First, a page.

The chrysanthemum is not the only flower that makes for a colorful fall garden.
By Adrian Higgins
Thursday, October 16, 2008

October may be unlike any other month in the garden, defined as it is by one plant, the chrysanthemum.

Floral nitpickers will say the mum is not one plant, but a smorgasbord of hybrids developed over centuries. So-called Korean mums are lovely, daisylike blooms to brighten the late-season garden. A variety named Sheffield Pink is particularly handsome. But Korean mums are lovely because they maintain a sense of nature, with open, flat blooms and a relaxed habit.

The predominant cushion mum now adorning commercial landscapes and garden beds is much harder to love, not because the colors are so grabby but because the shape is so perfectly dull. Uniform mounds, in turn, encourage landscapers to plant them in ribbons, or alternating stripes or such. Passing a downtown hotel these days is like watching those opening routines in the Beijing Olympics, eye-popping and artfully choreographed but all a bit make-believe.

The best October gardens are those that have loosened their grip on the chrysanthemum, and if you were to rely more on other plants -- asters, salvias and hyssops, to name a few contenders -- your garden would be eye-catching in an entirely different way.

Asters are hardworking native perennials, long-flowering and joyously blue (and other hues), though it pays to pick selected varieties that don't flop so much or become chalked by powdery mildew. One trick is to prune back asters by about half in late May, so that they grow bushier. Two of my favorites are Raydon's Favorite and October Skies, both compact forms that don't need spring trimming, and with masses of lavender-blue blossoms in early fall.

Snow Flurry, a heath aster whose leaves resemble the needlelike leaves of heaths, grows to just eight or nine inches. The perennial is smothered in white blooms with yellow centers and is useful for filling late-season gaps, perhaps where bulbs grew in the spring.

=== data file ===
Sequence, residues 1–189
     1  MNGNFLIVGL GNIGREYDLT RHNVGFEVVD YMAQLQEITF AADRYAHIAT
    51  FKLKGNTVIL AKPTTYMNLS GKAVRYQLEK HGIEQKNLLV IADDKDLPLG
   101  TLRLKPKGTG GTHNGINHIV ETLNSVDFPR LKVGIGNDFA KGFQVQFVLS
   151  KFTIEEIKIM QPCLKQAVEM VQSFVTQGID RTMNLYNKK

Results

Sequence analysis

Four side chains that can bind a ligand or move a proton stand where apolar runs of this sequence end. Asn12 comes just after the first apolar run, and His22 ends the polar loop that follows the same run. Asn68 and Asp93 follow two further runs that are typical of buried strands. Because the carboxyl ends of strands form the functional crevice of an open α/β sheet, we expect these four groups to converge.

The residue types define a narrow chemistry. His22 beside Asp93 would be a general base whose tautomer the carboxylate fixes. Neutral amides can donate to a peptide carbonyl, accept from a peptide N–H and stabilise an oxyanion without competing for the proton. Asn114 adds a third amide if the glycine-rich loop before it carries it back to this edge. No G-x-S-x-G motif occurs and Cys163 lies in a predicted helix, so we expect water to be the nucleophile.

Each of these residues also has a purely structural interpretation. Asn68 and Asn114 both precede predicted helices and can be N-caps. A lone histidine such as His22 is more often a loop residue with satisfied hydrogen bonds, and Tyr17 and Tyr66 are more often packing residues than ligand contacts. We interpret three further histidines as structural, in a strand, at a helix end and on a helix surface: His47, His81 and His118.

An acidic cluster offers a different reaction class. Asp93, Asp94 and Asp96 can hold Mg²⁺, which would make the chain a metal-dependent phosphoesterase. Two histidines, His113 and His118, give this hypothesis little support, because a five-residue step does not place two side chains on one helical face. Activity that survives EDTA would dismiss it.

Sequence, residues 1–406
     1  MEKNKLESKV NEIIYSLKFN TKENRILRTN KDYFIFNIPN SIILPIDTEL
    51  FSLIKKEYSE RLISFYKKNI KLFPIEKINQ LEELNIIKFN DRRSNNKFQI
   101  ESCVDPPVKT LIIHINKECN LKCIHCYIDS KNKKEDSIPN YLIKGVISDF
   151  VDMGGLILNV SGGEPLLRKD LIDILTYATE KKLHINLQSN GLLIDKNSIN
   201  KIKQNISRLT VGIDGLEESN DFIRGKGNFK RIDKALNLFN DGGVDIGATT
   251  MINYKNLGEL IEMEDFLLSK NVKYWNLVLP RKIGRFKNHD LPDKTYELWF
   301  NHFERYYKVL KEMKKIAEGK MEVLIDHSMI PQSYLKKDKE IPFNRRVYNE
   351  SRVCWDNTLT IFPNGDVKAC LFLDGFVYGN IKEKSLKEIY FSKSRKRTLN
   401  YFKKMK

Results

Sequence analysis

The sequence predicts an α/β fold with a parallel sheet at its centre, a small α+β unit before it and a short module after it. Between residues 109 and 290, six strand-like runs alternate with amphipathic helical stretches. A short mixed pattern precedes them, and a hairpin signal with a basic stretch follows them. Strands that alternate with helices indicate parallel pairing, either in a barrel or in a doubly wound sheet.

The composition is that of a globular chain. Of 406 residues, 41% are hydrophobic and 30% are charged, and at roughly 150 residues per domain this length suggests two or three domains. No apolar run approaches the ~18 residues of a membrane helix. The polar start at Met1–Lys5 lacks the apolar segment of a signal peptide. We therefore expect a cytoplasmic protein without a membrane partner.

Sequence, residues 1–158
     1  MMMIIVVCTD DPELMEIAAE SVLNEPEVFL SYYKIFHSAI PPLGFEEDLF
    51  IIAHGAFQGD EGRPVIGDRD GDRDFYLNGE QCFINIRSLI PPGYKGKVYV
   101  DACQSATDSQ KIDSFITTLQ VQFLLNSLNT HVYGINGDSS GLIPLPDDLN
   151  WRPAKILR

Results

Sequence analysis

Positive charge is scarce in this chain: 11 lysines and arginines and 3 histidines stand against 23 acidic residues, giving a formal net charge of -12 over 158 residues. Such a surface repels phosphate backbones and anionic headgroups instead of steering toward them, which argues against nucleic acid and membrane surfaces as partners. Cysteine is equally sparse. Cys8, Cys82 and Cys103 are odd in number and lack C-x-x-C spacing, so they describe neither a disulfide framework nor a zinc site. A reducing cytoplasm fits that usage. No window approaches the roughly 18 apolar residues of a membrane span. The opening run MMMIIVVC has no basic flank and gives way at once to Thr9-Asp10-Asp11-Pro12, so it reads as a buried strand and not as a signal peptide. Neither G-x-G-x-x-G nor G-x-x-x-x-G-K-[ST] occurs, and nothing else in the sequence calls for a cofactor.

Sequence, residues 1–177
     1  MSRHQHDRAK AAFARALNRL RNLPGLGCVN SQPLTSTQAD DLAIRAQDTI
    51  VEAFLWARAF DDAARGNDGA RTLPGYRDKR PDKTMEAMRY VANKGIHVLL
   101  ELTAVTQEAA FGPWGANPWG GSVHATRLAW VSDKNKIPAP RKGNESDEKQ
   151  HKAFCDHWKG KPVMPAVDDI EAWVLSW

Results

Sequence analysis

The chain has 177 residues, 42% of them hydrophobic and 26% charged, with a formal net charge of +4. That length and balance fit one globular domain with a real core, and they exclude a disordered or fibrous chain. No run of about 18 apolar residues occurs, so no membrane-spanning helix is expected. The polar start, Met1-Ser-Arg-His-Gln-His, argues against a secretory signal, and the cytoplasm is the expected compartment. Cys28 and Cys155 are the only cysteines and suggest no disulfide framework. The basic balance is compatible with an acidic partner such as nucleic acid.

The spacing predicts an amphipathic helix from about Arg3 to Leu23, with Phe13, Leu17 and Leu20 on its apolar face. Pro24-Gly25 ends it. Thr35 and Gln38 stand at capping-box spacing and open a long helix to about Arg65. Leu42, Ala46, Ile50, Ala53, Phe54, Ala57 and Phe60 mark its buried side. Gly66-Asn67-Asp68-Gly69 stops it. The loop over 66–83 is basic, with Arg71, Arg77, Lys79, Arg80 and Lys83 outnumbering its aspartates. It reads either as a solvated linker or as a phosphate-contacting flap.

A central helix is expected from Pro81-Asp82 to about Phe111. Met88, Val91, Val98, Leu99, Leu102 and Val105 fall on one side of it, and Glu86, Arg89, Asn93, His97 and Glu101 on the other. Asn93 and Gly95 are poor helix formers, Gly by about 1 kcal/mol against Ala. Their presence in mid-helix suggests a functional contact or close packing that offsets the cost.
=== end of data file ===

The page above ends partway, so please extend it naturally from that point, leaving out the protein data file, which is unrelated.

The tartarian daisy or aster is known for growing tall while being self-supporting and is worth a go, but a variety named Jindai is about three feet tall, half the usual size, and with distinctive and large aster flowers with pronounced yellow centers.

The hyssops, or agastaches, are spiky perennials from the Southwest and Mexico that have become really popular in recent years for their tubular flowers, loved by hummingbirds, licorice scent and insistence on blooming continuously from late summer on. In return for all this, they ask two things of the gardener: a sunny site and free-draining soil. Some are purple, some salmon and orange, and others violet-rose. As with salvias, agastache flowers emerge from a base called a calyx, which can be as colorful as the petals themselves, and prolong the ornament after the flowers fall. Both Agastache rupestris and Agastache cana have been great performers in my garden, and return reliably.

No fall garden is complete without a sage (salvia) or two. Some of the autumn sages are not winter-hardy but are still worth growing as annuals. But many of them are hardy, far more so than we ever thought. Again, the key is exceedingly good draining to avoid wet soil in winter dormancy that will rot the crowns. Also, avoid heavy organic mulches.

At Green Spring Gardens west of Alexandria, horticulturist and salvia fancier Nancy Olney has had stunning success with various types. In the garden center's long border, a mixed planting bed next to the parking lot, she has clumped three Mexican bush sages, variety Midnight, and together they have all the presence of a large and floriferous shrub. The blossoms are as long as 12 inches and covered in individual flowers of mauve-purple tubes resting in deep-purple calyxes. They appear to have been fashioned from velvet.

"It's been coming back now for eight years," said Olney. Next to it, she has planted another tall sage called Salvia guaranitica Black and Blue, named for its azure-blue flowers in near-black calyxes. The leaves are a soft yellow-green.

One of most beautiful sages is the Salvia splendens Van Houttii . The flowers are large and a deep wine color and can look stunning in chance pairings with changing leaf colors of nearby shrubs. However, it is one of the most tender sages, and even ideal site conditions will not save it from the frost, says Olney. Hot Lips is a dainty red and white form of the little-leafed autumn sage and blooms effectively from late summer until frost. It will get through a mild winter, but be prepared to replace it in the spring.

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